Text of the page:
You sometimes run into a bit of a conundrum here, where the employer is in a tight spot and asks you to work ‘gray’, meaning to start working as the papers are processed – as in maybe tomorrow. In many countries, Japan and South Korea for example, this would definitely NOT be an option – working without the proper permits is quite a serious offense. However, there are more than a few places where it’s technically illegal for you to receive any cash before you have a work visa, but authorities typically look the other way as long as the process has begun. I hear this is the case in Cambodia, Vietnam, and several Eastern European countries. It used to also be possible in Thailand and China, but at the moment, things have tightened up considerably. You have to use your own judgement here, deciding how much you want the particular job – or need the money – and what your tolerance for risk is. But reputable companies want you to be legit and will provide the necessary support to make it happen. And, in general, I don’t advise doing anything illegal in any country, especially outside your own.
Getting deported – at your own expense – can really ruin your day.
But the good news is – visa runs can be fun! After spending a few weeks in one place, it’s great to have the opportunity to see something different for a day or three. Some of these borders you cross are out in the middle of nowhere, and you probably would never have experienced the rural environs of your target country if it weren’t for your visa run. Others are proper tourist destinations in their own right. Some of the fantastic places I’ve discovered this way are as follows:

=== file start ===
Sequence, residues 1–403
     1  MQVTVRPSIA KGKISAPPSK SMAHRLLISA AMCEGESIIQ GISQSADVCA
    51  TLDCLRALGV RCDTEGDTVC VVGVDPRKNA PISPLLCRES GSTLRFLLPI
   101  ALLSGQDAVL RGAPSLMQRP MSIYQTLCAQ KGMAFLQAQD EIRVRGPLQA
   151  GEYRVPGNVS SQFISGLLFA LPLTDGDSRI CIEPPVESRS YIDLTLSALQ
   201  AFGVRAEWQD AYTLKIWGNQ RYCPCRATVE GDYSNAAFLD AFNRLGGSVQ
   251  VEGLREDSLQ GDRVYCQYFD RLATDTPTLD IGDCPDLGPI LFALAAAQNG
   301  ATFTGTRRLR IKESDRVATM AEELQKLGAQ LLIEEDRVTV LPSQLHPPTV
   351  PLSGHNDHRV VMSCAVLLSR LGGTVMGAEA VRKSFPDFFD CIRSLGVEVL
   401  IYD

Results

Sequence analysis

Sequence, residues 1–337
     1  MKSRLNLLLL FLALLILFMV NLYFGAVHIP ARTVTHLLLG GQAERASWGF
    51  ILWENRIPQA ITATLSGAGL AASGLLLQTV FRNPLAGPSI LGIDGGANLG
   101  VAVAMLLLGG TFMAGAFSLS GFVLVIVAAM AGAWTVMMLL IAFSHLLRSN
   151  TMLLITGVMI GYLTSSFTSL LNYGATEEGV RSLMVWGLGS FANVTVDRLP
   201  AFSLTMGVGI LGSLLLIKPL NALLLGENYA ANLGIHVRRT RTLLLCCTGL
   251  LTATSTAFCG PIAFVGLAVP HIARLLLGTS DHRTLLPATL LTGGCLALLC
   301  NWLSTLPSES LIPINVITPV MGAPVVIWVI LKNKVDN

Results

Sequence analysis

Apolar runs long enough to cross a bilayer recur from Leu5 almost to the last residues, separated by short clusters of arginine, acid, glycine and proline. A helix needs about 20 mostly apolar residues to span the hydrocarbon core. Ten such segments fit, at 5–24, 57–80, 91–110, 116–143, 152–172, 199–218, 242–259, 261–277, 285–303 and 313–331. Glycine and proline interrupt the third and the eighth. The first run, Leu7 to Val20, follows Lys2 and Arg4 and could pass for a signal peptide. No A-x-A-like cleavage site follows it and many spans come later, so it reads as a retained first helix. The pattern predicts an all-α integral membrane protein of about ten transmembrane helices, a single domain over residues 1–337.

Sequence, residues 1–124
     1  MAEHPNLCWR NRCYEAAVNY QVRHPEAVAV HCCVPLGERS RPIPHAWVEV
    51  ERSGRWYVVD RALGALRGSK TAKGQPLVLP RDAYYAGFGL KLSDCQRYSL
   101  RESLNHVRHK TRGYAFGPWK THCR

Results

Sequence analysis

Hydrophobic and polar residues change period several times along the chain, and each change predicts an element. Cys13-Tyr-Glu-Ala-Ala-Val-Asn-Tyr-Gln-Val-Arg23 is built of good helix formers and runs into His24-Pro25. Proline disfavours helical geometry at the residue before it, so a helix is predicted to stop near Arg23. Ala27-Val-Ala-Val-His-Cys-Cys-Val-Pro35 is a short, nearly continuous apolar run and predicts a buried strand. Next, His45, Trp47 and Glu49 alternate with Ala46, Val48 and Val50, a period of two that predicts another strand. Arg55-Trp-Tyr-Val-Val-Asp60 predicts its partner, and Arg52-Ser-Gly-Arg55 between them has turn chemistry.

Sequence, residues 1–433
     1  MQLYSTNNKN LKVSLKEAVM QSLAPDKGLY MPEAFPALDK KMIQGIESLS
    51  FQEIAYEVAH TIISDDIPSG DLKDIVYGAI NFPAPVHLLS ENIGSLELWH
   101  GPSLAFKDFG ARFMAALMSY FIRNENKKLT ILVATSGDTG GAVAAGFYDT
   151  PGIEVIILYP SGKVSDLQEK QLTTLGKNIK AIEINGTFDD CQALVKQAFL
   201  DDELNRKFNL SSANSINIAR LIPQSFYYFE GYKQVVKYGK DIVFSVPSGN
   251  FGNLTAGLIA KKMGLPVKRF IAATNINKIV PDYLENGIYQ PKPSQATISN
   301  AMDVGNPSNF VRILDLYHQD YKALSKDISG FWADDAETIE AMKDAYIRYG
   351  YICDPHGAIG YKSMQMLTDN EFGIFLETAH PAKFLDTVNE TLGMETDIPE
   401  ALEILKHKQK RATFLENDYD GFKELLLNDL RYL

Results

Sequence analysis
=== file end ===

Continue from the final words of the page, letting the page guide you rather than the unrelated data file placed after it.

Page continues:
Hong Kong – a great spot to arrange everything for an adventure in China. Hong Kong has a unique culture that draws on both Asian and British backgrounds to create something very cosmopolitan and exciting. The harbor view alone is worth the visit, but there’s tons of great food and shopping, and a surprising number of outdoor activities available as well. If you’re on a budget, stay at the infamous Chungking Mansion – it’s the experience of a lifetime. (Watch the movie Chungking Express before you go.) There are several trains a day from Guangzhou, and daily overnight trains from Shanghai and Beijing.
Penang – another former British colony, but unlike Hong Kong, much of the old architectural charm still remains. There are mosques, wats, Chinese ‘kong’ houses, and Hindu temples on almost every corner. Old Chinese shop houses line most of the winding streets of Georgetown, many of them converted into beautiful guesthouses or restaurants, and the sheer variety of food on offer from the many ethnic groups that call Malaysia home is just astounding. This is the best place to go if you’re trying to line something up in Thailand – take an overnight train to Hat Yai, then grab a mini-bus through the border crossing and on to Penang. If you time it just right, you’ll be able to turn your passport in before 2 pm, and have it back the next day. Word of mouth says that an agent at Banana Guesthouse on Lebuh Chulia does a bang up job for a few ringgit.